One afternoon towards the end of my first year of high school, as I filed through the crowded halls to my locker, I saw the news ripple as visibly as a breeze through a cornfield in August. A Sheetz was opening that very day, at the summit of Queen Street, off I-83. My little Pennsylvania city was on the map. We’d finally chosen a side in the great gas station wars.
Now that the hit HBO show Mare of Easttown has brought the world’s attention to one of America’s greatest shames — Pennsylvania accents — it’s also reminded us of the fierce loyalty residents of the emptier parts of the mid-Atlantic have toward our convenience stores. Mare and her fellows refer to their Wawa hoagies and coffees with a curious, pointed frequency, satirized in a recent SNL skit. It’s true that you might be distracted by the centrality of Wawa to these characters’ lives (does Easttown not have a grocery store?), but in fact the Wawa-centricity of Easttown strikes me as entirely realistic. Not everyone here in Pennsylvania is a heroin addict, a prostitute, or a crooked cop, but everyone spends a lot of time at the gas station. The real question is, which gas station?
For the uninitiated, Wawa and Sheetz are convenience store chains located throughout the mid-Atlantic. Wawa is mostly concentrated around Philadelphia and New Jersey. Sheetz is prominent in the more rural middle, west and south of the state, and its neighbors. Wawa’s claim to fame is ‘hoagies’: hot or cold sandwiches apparently named to maximize the obnoxiousness of our accent’s long, lurid ‘o’s, best imitated by simply saying ‘ew’. Sheetz’s genius isn’t in any particular product, in my opinion, but rather in their branding. Named for its founder, Bob Sheetz, the chain has embraced the ‘Sh-‘ and ‘-Z’ of this last name in much the same way as McDonald’s has leveraged the prefix ‘Mc-‘. At Sheetz, you order fryz, wrapz, schmiscuits and several flavors of slushiez, while their signs wink at you: ‘What A Shnack!’. Wawas tend to be understated in beige, even classy. Sheetz is cheerily gauche: lime green, deep fried and with a side of ‘Boom-Boom Sauce’.
In most places, gas stations aren’t expected to double as actual restaurants. In that sense, more unites Sheetz and Wawa than divides them. But since the chains stake their claims to a specific region, rather than, like McDonald’s and Burger King, just setting up shop across the highway from one another, surprisingly strong regional loyalties have developed. All my dating app matches seem deeply invested in the ‘Sheetz or Wawa?’ question, for example, and some journalists have explored it over the years, too. Politicians use the debate as short-hand for their local pride — and there appears to be a documentary about the rivalry in the works. My younger brother wrote a paper empirically comparing the two chains as an undergraduate at the University of Delaware (results: inconclusive). Among high school students, preferring one to the other is a sign of worldliness: you might promote Wawa if you have family in Philly or vacation at the Jersey Shore and want everyone to know how cosmopolitan you are. If you leave your hometown as an adult, though, your preference becomes a sign of hometown loyalty. What self-respecting Central Pennsylvania expat would admit the superiority of the Wawa meatball sub?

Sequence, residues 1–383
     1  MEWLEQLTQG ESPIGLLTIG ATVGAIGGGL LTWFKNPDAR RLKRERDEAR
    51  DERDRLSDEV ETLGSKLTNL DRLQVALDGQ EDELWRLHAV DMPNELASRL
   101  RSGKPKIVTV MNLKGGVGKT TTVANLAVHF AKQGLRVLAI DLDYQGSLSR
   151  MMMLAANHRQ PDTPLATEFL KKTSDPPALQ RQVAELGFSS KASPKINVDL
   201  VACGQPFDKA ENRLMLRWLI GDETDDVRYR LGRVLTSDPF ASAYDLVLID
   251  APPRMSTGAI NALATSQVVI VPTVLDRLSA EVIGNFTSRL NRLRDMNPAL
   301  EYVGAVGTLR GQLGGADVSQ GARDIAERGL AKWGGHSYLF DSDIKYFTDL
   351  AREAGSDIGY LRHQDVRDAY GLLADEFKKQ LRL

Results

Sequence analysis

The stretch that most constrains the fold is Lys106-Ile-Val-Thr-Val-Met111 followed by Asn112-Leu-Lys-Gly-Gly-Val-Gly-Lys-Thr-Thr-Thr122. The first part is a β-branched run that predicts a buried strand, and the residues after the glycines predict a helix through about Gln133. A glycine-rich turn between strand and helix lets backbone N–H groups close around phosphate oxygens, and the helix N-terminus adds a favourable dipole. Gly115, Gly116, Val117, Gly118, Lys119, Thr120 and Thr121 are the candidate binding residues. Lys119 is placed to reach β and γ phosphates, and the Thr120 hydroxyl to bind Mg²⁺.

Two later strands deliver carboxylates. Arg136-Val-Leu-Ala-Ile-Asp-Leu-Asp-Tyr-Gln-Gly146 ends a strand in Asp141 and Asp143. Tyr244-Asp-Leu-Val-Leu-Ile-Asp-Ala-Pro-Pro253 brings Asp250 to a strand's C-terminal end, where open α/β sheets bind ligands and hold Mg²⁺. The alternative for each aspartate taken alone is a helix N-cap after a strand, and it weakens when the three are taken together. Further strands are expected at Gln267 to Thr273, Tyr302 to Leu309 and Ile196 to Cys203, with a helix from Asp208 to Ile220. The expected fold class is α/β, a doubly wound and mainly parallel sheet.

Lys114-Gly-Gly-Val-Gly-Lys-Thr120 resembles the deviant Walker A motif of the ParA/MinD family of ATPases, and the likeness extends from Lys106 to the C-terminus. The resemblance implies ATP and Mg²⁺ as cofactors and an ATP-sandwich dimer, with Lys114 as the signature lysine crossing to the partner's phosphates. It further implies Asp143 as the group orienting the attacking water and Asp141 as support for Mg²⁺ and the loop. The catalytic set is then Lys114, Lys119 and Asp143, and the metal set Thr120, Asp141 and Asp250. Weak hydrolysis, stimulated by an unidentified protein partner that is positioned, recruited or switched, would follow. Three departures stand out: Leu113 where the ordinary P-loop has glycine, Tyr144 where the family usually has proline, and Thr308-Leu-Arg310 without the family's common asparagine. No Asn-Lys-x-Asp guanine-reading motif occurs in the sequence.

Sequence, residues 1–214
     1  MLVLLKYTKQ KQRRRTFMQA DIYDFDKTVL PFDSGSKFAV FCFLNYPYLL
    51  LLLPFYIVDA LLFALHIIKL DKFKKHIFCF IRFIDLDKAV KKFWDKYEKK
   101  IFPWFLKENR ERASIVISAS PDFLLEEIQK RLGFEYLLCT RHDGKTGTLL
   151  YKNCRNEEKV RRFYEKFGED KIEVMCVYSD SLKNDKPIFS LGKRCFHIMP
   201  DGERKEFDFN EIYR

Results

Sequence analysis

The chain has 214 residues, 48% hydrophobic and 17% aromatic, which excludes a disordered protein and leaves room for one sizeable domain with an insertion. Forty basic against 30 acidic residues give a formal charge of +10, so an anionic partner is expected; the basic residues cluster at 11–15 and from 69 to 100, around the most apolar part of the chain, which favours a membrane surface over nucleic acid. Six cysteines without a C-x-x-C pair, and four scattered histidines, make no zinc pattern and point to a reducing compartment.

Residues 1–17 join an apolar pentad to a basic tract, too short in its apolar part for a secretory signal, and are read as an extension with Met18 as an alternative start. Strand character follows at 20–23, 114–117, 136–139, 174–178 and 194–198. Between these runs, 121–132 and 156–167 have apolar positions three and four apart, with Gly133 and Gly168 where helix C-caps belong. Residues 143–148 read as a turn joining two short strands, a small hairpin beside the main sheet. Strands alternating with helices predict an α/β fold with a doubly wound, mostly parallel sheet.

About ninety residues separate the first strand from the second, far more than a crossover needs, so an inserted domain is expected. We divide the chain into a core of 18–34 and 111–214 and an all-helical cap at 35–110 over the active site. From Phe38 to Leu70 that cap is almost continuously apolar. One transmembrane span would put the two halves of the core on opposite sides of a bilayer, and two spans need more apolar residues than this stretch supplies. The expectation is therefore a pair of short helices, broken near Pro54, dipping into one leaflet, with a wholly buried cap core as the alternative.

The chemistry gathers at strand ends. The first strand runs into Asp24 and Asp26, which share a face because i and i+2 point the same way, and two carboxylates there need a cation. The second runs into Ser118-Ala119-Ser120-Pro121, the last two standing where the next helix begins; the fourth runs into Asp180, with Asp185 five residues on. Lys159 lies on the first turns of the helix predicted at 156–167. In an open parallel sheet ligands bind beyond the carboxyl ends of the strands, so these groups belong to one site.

That’s the point, though: the question will never be resolved. It will continue to be chewed over by Pennsylvanians and visitors, the most innocuous possible debate in America in 2021: hoagies or Boom-Boom Sauce? Me, I’m a Sheetz girl. My first date was at a Sheetz. When I got a driver’s license, it was the first place I drove alone. My high school friends celebrated 18th birthdays by assembling there to buy cigarillos and lottery tickets, and smoke disaffectedly on the benches by the parking lot. Wawa’s food may be better, but it means nothing to me. And if the Mare of Easttown finale involves a bloody shootout in a Wawa, I’ll feel that much more confident in my loyalty.